It is generally accepted that reading for pleasure is a 'good thing to do'. In our Concordia College libraries, we wholeheartedly believe this to be true, but also think that the 'who' and 'what' of these benefits is worthy of further consideration.
The transition from primary school to high school sees a marked drop in young people’s engagement in reading for pleasure, both in terms of attitude towards reading and time spent reading. The reasons for this drop are multitudinous and complex, but it is important to note that reading being less important or beneficial for this age group is not one of the reasons. Indeed, research shows that reading for pleasure is beneficial for all age groups from young children right through to the oldest members of our society.
So, what are the benefits of reading for pleasure? Often the academic benefits of reading are the primary focus of the discussion, and it cannot be denied that reading has a well-documented correlation to improvement in a student’s vocabulary, comprehension skills, written and verbal fluency, and their general knowledge. These benefits are often reflected in a student’s academic results and in standardised tests, including those from which PISA data is drawn.
However, the benefits of reading extend far beyond the classroom. A number of studies have shown that those who regularly engage in reading for pleasure experience a range of social, civic and economic benefits. Reading for pleasure also, and perhaps most importantly, has positive wellbeing outcomes. Regular reading for pleasure is linked to a reduced risk of depression and improvements in self-esteem, coping strategies and general satisfaction with life. Reading for pleasure can also have a positive impact on sleep and strong social connections.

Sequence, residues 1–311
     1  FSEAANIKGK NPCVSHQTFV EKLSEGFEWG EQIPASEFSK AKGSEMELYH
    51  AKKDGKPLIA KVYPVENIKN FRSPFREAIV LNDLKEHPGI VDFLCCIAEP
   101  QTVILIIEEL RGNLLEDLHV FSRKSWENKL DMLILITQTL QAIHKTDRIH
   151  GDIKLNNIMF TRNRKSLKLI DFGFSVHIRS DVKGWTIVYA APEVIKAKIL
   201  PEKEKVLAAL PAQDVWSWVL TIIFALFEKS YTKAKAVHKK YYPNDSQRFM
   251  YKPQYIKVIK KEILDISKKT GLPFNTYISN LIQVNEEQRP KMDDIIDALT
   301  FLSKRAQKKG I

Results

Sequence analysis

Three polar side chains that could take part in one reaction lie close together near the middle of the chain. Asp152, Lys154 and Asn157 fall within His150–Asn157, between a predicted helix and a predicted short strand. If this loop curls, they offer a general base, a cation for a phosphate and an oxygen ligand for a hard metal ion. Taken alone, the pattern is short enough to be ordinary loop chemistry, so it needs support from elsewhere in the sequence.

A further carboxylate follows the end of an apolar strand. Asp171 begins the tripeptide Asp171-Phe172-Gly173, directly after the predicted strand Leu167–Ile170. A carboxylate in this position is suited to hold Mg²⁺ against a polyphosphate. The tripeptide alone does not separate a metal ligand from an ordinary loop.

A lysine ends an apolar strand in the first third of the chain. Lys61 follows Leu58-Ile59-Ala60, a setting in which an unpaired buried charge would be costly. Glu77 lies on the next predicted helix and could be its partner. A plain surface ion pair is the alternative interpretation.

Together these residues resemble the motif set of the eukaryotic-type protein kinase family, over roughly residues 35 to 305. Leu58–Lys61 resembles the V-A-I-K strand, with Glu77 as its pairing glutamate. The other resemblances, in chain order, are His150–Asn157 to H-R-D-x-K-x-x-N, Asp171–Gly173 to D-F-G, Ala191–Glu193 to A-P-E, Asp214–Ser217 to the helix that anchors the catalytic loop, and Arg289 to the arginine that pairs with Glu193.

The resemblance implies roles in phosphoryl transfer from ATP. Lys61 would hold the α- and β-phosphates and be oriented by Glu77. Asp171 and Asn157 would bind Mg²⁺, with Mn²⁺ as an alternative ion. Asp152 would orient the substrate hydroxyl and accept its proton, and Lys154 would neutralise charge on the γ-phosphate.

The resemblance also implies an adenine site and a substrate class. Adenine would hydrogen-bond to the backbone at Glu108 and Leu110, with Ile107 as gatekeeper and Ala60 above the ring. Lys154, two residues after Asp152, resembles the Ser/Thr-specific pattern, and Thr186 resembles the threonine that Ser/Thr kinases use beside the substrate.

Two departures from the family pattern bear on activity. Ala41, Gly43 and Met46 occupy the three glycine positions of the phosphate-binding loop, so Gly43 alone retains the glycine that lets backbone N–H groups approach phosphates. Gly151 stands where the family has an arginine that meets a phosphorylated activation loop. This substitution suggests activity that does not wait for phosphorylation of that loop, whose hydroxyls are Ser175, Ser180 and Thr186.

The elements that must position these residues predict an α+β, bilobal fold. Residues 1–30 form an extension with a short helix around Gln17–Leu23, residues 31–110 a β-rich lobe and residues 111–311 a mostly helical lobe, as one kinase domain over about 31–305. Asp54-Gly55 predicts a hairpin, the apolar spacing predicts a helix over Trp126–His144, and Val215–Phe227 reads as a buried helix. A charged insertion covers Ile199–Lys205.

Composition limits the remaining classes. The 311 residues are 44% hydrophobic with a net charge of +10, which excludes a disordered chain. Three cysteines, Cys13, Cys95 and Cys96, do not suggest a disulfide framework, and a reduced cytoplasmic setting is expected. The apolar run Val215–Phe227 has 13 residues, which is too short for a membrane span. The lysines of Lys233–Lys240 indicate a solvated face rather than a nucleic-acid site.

In short, reading definitely is a 'good thing to do' and not just to improve grades. A strong reading culture, in schools and homes, will make for a happier, healthier and more empathetic and engaged society.
Parents and caregivers have tremendous influence on children as readers. “One way parents can influence their children to read is through modeling keen reading” (Merga, 2023). Time you spend reading for pleasure supports your child to know that reading is a pleasurable activity that people choose to do – not something someone makes them do.
As you prepare for Book Week and put the finishing touches on costumes, take some time to talk with your child about books you have enjoyed reading now and in your childhood.
If you would like to read more about the benefits of reading for pleasure, here are a few great sources to get you started:
- du Sautoy, T. (2021). The benefits of reading for pleasure. InnovAiT, 14(5), 325–330.
- Galaxy Quick Reads. (2015). Reading between the lines: The benefits of reading for pleasure. The Letterpress Project.
- Merga, M. (2023*) Creating a Reading Culture in Primary and Secondary Schools. (To be published)
- Howard, V. (2011). The importance of pleasure reading in the lives of young teens: Self-identification, self-construction and self-awareness. Journal of Librarianship and Information Science, 43(1), 46–55. https://doi.org/10.1177/0961000610390992
Learning Resources Manager
English Teacher and Library Assistant